Reminisce Bets on Nostalgia to Drive Audience Development
A magazine redesign and multiplatform strategy targets younger readers.
Reader’s Digest Association has overhauled its enthusiast brand Reminisce in order to leverage something it believes is a viable trend in digital media–nostalgia.
Reminisce launched in the 90s as a source for readers to share stories and memories about their pasts. RDA took over the brand in 2002 when it purchased Reimen Publications. Its content model has always been user generated and Liz Vaccariello, RDA chief content officer and editor-in-chief of Reader’s Digest, admits that it needed to start reaching a somewhat younger audience than its average reader, who is typically around 65-years old.
"One of the things we want to do with the magazine is bring it to the sons and daughters of the people who are currently developing content and reading the magazine" Vaccariello says. "We haven’t marketed to a new set of customers in several years. Nostalgia isn’t just for senior citizens. We want to find a way through social media to get people to tell their stories."
The company points to the throwback Thursday meme as an example of how well nostalgia plays in a digital environment, regardless of demographics. Still, the digital channels are more about audience development than monetization. Reminisce makes the bulk of its money from subscriber revenue. The bimonthly magazine has a rate base of around 900,00 (plus another 350,000 who subscribe to its Extra edition).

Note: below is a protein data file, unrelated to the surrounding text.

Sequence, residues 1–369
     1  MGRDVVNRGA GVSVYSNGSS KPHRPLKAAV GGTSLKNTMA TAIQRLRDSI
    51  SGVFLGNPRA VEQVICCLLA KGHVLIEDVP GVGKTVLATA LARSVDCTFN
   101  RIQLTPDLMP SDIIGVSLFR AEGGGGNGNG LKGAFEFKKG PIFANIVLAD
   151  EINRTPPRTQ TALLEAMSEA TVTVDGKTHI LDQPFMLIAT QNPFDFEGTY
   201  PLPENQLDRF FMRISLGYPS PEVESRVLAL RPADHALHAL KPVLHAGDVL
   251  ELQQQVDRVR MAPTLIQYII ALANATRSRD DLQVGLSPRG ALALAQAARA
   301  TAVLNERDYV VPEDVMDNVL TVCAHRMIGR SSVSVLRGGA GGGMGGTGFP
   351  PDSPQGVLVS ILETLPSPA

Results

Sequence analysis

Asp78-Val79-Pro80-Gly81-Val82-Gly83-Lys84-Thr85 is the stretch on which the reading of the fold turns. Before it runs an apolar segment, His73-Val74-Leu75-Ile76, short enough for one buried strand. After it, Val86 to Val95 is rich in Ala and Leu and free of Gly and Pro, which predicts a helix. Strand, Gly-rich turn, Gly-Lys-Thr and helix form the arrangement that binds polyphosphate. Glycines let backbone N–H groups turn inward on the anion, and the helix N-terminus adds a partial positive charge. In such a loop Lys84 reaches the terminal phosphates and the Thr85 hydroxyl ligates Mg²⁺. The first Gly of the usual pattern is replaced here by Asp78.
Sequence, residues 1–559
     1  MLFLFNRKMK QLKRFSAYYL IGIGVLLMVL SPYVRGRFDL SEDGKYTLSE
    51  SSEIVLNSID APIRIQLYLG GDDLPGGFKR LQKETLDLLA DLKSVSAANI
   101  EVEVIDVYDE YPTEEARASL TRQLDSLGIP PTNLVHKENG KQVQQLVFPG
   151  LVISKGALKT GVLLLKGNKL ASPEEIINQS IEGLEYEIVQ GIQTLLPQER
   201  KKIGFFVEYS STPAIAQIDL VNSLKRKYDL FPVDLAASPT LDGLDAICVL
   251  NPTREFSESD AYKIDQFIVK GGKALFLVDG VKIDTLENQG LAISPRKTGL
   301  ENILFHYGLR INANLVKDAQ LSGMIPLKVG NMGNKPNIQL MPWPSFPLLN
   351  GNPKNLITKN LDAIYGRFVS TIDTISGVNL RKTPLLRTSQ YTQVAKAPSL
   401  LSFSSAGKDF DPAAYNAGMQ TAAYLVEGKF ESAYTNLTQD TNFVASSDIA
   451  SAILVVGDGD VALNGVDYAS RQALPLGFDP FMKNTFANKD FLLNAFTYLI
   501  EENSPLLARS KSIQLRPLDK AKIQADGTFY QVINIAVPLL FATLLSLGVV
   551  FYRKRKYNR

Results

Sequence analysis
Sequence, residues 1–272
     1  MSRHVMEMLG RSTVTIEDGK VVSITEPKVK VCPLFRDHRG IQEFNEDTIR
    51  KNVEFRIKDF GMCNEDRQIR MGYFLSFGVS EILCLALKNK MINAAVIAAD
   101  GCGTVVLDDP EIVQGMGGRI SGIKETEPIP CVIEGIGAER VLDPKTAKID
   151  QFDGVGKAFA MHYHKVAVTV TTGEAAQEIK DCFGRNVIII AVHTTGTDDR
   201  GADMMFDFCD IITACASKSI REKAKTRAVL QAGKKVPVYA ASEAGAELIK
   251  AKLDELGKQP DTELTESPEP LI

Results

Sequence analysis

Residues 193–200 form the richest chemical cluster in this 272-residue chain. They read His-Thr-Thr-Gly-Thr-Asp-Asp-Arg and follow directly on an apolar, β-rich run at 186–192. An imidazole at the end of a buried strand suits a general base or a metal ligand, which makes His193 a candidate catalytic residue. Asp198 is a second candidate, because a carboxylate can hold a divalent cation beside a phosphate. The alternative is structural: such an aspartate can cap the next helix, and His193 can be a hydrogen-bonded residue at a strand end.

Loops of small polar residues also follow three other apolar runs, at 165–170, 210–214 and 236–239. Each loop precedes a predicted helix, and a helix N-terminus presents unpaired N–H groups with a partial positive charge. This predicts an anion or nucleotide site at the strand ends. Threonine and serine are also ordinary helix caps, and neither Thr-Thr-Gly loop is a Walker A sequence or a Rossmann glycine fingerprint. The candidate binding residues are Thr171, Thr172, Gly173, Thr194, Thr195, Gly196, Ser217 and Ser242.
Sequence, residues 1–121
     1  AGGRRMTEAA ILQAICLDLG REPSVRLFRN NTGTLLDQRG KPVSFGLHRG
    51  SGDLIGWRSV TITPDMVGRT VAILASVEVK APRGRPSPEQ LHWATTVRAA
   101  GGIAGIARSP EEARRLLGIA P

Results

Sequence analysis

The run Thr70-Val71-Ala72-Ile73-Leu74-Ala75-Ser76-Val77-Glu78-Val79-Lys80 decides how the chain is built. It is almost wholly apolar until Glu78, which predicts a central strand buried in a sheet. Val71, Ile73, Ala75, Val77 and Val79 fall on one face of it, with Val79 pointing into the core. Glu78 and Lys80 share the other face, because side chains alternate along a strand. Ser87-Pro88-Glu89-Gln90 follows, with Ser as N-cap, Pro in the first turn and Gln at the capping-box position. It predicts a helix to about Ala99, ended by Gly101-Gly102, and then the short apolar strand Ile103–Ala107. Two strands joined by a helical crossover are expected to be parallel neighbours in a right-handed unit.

The magazine redesign was less about capturing the latest design trends and more about rediscovering its roots. Vaccariello says that reader satisfaction is purportedly high, and points to research saying its average reader engages with the magazine an average of 3.5 hours. Nevertheless, she states that some of those readers felt the magazine "didn’t have the homespun feel it once had." Adding, "This is a reader that doesn’t want a lot of whitespace and photo spreads. They want that sense of discovery. We reacted to that by trying to put more of what they like back in the magazine and have it feel almost more like a scrapbook."
Dean Abatemarco, design director at Reader’s Digest, spearheaded the Reminisce redesign. This is the second major redesign Abatemarco has taken on this year, after redoing RD back in January.
The new website will launch in November, but its social media pages (Facebook, Google+ and Pinterest) are already active.